This savory tart is really a quiche in disguise; it just has a lot more filling than custard, and it is cooked in a shallow tart pan instead of a deep quiche dish. If you don’t have a metal tart pan with a removable bottom and you like to bake, you’ll definitely want to purchase one. They’re great for both sweet and savory tarts, which I think can be a little more foolproof to make than pies. I like the shallow tart pans, which are about 1-inch tall. The amount of pie dough here will cover a tart pan that measures 
9- or 9 1/2- x 1-inch.

I love the flavor of sweet leeks with blue cheese; adding bacon and fresh thyme makes a killer combo. That said, leeks are so good that I wouldn’t want you to skip this if you don’t like blue cheese; both goat cheese and Gruyère (two very different cheeses, I know) pair well with leeks and thyme. And you could skip the bacon for a vegetarian option.

Susie Middleton

You can make the pie dough a day ahead and refrigerate it, or you can make it a few weeks ahead and freeze. (Defrost the dough in the fridge.) You can also hold the chilled tart shell in the freezer. And you can cook the leeks ahead as well.  (Note: see below for a mini-quiche variation on the tart, made with store-bought puff-pastry.)

 

For the dough:

  • 1½ cups (6.75 ounces) all-purpose 
unbleached flour
  • 9 tablespoons unsalted butter, cut 
into small pieces and chilled
  • ¼ teaspoon table salt
  • 4 tablespoons ice water

 

For the filling:

  • 2 1/2 cups thinly sliced leeks
  • 2 tablespoons unsalted butter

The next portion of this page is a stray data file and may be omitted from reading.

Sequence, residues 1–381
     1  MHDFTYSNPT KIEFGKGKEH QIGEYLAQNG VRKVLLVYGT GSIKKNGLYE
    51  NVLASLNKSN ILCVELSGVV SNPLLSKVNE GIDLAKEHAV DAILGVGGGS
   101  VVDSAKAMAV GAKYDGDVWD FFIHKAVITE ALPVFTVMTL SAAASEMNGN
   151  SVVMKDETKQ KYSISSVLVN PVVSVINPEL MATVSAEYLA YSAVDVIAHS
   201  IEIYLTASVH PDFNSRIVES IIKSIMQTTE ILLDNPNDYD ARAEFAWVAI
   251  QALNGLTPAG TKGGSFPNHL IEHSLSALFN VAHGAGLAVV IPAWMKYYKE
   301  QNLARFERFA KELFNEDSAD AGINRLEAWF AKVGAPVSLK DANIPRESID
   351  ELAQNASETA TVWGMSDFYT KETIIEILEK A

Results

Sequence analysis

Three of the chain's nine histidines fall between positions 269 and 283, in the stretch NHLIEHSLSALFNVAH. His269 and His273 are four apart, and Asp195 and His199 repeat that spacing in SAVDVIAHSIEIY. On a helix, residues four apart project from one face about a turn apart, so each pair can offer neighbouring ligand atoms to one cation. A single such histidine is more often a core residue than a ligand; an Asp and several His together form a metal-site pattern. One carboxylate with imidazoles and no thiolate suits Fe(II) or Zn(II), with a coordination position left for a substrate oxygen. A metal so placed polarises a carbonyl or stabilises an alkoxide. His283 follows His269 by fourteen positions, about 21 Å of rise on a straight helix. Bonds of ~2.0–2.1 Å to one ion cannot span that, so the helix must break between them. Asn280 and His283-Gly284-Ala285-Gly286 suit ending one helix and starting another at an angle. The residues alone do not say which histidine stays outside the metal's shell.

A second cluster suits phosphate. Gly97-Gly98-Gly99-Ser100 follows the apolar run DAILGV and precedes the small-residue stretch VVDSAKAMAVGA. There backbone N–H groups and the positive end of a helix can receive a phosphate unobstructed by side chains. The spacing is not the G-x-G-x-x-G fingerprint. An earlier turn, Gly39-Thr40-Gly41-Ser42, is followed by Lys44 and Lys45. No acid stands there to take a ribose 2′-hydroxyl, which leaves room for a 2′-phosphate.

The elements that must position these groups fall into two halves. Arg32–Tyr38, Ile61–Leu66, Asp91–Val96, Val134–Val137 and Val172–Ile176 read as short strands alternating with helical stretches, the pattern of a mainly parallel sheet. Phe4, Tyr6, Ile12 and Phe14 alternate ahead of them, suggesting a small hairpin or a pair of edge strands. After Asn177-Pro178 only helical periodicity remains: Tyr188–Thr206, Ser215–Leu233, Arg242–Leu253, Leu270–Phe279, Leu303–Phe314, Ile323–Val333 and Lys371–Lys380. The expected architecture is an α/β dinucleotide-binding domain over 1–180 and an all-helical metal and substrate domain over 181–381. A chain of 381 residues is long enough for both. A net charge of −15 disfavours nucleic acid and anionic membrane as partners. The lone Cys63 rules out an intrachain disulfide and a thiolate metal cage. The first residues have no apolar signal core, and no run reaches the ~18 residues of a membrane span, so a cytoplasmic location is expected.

• Kosher salt 
  • 3 large eggs
  • 3/4 cup heavy cream
  • 2 teaspoons fresh thyme leaves
  • 4 ounces crumbled Bluebird (from 
The Grey Barn and Farm in Chilmark) or other artisan blue cheese, chilled (or substitute fresh goat cheese or 2 ounces grated Gruyère cheese)
  • 2 slices bacon, cooked and crumbled (optional)

 

Make the dough:

1. In the bowl of a standard food processor, combine the flour, butter, and ¼ teaspoon table salt. Pulse about 16 to 18 times, or until the butter particles are quite small. With the motor running, add the ice water. Process until the dough begins to come together (it will still be loose – if you pinch some together it should form a clump). Don’t overprocess.

2. Turn the loose dough out into a big shallow mixing bowl and knead it briefly to finish bringing it together. (I find using the palm of my hand to smear the dough together, turning the bowl 45 degrees every time I do this, is a good way to finish bringing the dough together.)

3. Shape the dough into a disk about 1½ inches thick, wrap in plastic, and refrigerate for at least an hour or up to several hours. (You can also freeze this dough and defrost it overnight in the fridge.)

4. Remove the dough from the fridge and let it warm up enough to roll; this will take about 20 or 30 minutes, depending on your room temperature. If your kitchen is warm, be sure not to leave the dough for too long. You want it to be cool but pliable, not refrigerator-stiff or droopy.

5. Sprinkle some flour on your rolling surface and roll the dough out into a circle about 1/8-inch thick. The circle will be between 11 and 12 inches in diameter. Transfer the dough to your tart pan and gently press the dough into the pan and